- Julian Zelizer: Obama delivers first State of the Union of second term
- He says it's an opportunity for president to sketch a broad vision for U.S.
- Speech comes at a time of continuing economic troubles in America, he says
- Zelizer: Obama can follow in the footsteps of FDR and LBJ
President Obama is set to deliver the first State of the Union Address of his new term. On Tuesday evening, he will step before a joint session of Congress and a nation in difficult times.
Unemployment rose in January to 7.9%. There are signs of economic progress, but millions of Americans are struggling to find a job while others are desperate to keep the one they have.
Other kinds of economic challenges face many people. The Pew Research Center recently released a study showing the growing number of adults who are struggling to support grown children and their parents, the "Sandwich Generation" as they are called.
The economy is just the tip of the iceberg. The issue of immigration needs to be resolved soon. Too many immigrants live in a state of constant uncertainty about their future, or that of their children. The tensions in this debate are heightened by the fact that state and local governments are struggling to find enough revenue to pay for crucial services such as education.
The climate also remains in peril, as the wild weather patterns of the past year have shown. At the same time, Americans are still reeling from the deadly shooting incidents that have caused horrible bloodshed in movie theaters and schools and waiting to see what Washington does, or does not do, about guns. Then there are the countless foreign policy challenges we face.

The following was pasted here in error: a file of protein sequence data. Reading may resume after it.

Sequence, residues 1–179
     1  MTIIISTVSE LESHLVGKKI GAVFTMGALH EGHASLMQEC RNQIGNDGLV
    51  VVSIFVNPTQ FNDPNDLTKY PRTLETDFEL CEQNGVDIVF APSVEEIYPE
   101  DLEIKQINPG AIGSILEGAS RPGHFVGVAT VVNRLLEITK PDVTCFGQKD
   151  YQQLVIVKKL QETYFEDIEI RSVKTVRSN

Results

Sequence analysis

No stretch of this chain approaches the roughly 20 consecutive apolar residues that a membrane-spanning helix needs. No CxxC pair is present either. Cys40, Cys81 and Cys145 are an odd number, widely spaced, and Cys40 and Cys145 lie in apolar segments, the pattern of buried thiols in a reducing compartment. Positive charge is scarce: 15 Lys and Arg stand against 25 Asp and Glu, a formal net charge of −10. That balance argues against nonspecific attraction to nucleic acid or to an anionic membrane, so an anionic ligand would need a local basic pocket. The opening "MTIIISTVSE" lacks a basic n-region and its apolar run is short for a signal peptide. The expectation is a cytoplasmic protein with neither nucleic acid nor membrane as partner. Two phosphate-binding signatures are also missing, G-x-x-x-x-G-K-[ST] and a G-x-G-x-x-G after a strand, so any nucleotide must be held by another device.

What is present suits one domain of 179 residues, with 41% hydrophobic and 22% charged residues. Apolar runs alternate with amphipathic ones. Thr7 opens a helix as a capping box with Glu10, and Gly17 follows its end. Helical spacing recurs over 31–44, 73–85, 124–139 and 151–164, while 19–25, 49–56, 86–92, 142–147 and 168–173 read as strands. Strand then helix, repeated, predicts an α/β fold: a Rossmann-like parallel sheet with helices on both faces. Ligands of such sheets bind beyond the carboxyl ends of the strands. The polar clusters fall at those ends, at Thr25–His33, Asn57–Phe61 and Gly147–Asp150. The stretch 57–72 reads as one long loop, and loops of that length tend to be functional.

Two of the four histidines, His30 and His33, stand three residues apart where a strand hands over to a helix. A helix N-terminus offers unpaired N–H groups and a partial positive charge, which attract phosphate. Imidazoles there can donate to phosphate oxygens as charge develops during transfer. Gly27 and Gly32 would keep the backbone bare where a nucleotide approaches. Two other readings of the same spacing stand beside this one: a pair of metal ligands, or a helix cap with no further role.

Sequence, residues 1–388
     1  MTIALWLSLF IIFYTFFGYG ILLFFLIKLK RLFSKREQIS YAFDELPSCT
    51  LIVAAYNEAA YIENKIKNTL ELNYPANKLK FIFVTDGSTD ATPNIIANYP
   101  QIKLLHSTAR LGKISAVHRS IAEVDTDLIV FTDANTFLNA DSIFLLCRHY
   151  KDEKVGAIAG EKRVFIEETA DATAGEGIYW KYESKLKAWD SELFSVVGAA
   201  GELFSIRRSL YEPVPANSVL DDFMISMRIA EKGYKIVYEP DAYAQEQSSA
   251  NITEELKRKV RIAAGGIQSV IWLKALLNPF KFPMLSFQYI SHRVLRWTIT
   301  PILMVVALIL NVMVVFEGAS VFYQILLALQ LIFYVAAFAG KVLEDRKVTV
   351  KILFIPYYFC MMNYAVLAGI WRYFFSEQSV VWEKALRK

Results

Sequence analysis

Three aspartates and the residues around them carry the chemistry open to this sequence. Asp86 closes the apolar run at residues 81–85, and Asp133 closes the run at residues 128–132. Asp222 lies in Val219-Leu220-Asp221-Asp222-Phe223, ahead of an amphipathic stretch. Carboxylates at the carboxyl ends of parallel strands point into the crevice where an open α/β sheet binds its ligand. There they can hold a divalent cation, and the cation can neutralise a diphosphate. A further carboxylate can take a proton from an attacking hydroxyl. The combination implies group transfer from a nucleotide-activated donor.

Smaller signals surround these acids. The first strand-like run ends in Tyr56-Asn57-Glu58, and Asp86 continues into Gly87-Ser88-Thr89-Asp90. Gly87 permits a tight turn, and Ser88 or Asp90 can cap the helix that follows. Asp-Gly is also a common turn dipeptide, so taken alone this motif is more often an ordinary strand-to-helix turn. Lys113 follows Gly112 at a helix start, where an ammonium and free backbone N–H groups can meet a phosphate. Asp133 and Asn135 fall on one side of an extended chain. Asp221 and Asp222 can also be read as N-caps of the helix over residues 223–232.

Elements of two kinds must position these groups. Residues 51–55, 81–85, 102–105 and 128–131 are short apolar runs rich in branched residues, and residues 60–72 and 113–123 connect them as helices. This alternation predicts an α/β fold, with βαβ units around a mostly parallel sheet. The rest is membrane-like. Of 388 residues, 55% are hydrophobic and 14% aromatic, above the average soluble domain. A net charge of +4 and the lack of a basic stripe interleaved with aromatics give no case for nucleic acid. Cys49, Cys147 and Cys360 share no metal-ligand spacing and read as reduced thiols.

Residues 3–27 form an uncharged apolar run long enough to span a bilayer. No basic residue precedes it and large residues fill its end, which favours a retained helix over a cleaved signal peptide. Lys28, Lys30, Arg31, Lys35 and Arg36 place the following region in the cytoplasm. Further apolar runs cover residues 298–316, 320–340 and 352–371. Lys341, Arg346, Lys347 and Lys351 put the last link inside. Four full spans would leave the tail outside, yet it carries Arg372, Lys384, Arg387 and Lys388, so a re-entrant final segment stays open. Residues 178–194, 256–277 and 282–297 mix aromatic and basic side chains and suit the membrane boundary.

The State of the Union address gives President Obama a prime opportunity to lay out what he intends to do in the year ahead to guide the nation through these difficult challenges. Although there are limits to how much these speeches can change public opinion, especially in an age of partisan polarization where large segments of the electorate are hard to move, it still is a vital moment where he can help shape the agenda for the coming year and outline some key themes for public discussion.
It may be tempting to list a series of measures Obama wants Congress to pass, but the president should use this speech to do something more than provide a laundry list, and the historical record offers some guidance about how.
The speech can offer a vision. In 1941, President Franklin Roosevelt gave one of the most historic State of the Union addresses when he outlined the Four Freedoms. He delivered his speech on the brink of America becoming involved in World War II. With Europe and Asia in the middle of a major military crisis, FDR defined the four freedoms that he believed should be the foundation of the international system: the freedom of speech and expression, the freedom to worship God, the freedom from want and, finally, the freedom from fear.
"That is no vision of a distant millennium. It is a definite basis for a kind of world attainable in our own time and generation," FDR said. "That kind of world is the very antithesis of the so-called new order of tyranny which the dictators seek to create with the crash of a bomb." The speech was inspirational and offered a moral blueprint for the United States, both in its efforts at home and abroad for decades to come.
If President Obama wants to sketch a set of legislative goals, he might look to President Johnson. In 1965, LBJ was fresh off his landslide victory against Arizona Sen. Barry Goldwater and he managed to outline a breathtaking agenda, offering proposals for government to expand its role in all walks of life, from education to health care to the environment.